One of the greatest designers that ever lived was an advertising art director: Doyle Dane Bernbach's Helmut Krone. A new book celebrates his life and work.
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06.12.06: William Drenttel

The Red Hand : A Graphic History
I keep thinking about the red hand. Where did this graphic metaphor come from? The many uses of the red-hand — it's metaphorically rich and graphic history — remind me that symbols do have meaning. Whatever I think of Congresswoman Nancy Johnson here in northwestern Connecticut, I don't think she got caught red-handed, whether in a cookie jar or pie or pool of blood. This is a bad use of an historical symbol, and trashy politics as well.
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08.20.05: Rick Poynor

Sublime Little Tubes of Destruction
In a culture otherwise swamped with unregulated branding, the graphic counter-attack on the cigarette packet, on its visual integrity as a design and its brand equity, normally regarded as commercially sacrosanct, is a remarkable sight to behold. In Europe, in the US and around the world, outsized health warnings in ugly typography now disfigure and subvert the best efforts of the brands' designers to embody the fast-fading allure of the cigarette.
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08.16.05: Michael Bierut

Every New Yorker is a Target
The latest New Yorker magazine has only one advertiser: Target. The effect is disorienting.
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06.19.05: Michael Bierut

Call Me Shithead, or, What's in a Name?
Everyone has experience with naming, whether a baby or even a goldfish. The fact that it's so easy is what makes it so hard. The biggest problem, of course, is that new names seldom sound good at first.
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04.26.05: Adrian Shaughnessy

The Designer as Buffoon
The "Designer as Buffoon" phenomenon can be seen in two big-budget, prime-time advertising campaigns currently showing on British television. Both Ford and Ikea are promoting their respective products by offering us pumped-up caricatures of designers and inviting us to guffaw at them.
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04.18.05: Michael Bierut

The Supersized, Temporarily Impossible World of Bruce McCall
Illustrator Bruce McCall's vision of an exhuberant, overscale America is evoked by the opening of a new McDonald's in Chicago.
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03.28.05: Michael Bierut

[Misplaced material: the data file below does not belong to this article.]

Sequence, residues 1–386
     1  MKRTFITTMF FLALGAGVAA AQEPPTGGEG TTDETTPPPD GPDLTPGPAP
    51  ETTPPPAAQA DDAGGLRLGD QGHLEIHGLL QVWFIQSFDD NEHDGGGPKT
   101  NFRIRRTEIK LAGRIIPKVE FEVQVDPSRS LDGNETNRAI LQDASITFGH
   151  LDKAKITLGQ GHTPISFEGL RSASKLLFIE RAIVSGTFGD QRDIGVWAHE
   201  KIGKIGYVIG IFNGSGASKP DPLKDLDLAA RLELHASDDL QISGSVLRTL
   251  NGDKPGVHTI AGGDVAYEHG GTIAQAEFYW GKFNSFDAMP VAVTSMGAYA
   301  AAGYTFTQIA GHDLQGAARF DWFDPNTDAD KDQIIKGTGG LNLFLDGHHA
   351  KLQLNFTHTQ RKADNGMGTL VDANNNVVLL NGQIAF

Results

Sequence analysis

No Headline Necessary
A wordless billboard depicting the purple-stained fingers of Iraqi voters makes a potent advertisement for that country's newborn democracy.
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02.10.05: Momus

The Strange Commercial
Some commercials rot slowly into strangeness, others seem born with their strangeness fully-grown. I've recently been intrigued by two sets of TV commercials archived on the web, one from late 1960s Germany, the other from early 1980s Japan.
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11.01.04: Michael Bierut

Colorama
Grand Central Terminal's enormous Colorama displays by Kodak documented a suburban fantasy world for millions of commuters.
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06.29.04: Michael Bierut

The Tyranny of the Tagline
Advertising agencies put great stock in taglines, those simple phrases intended as the core of an evergreen ad campaigns. Now taglines are invading the world of branding, as a new corporate identity for the YWCA reveals.
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05.17.04: Michael Bierut

India Switches Brands
The 2004 elections in India were an exercise in branding as well as politics, as a well-funded "India Shining" campaign failed to convince the electorate to retain the ruling Bharatiya Janta Party (BJP).
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04.22.04: Michael Bierut

Catharsis, Salesmanship, and the Limits of Empire
Nozone #9: Empire and a new promotional campaign for the radio station Air America demonstrate alternate ways that graphic design can engage political issues and their audiences.
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01.11.04: Rick Poynor

Stephen Gill: Behind the Billboard
Designers are battlers against entropy: a vital task, but taking the long view, often a doomed, quixotic mission. Stephen Gill’s photographs, showing the disorderly zones behind billboards, offer a reality check.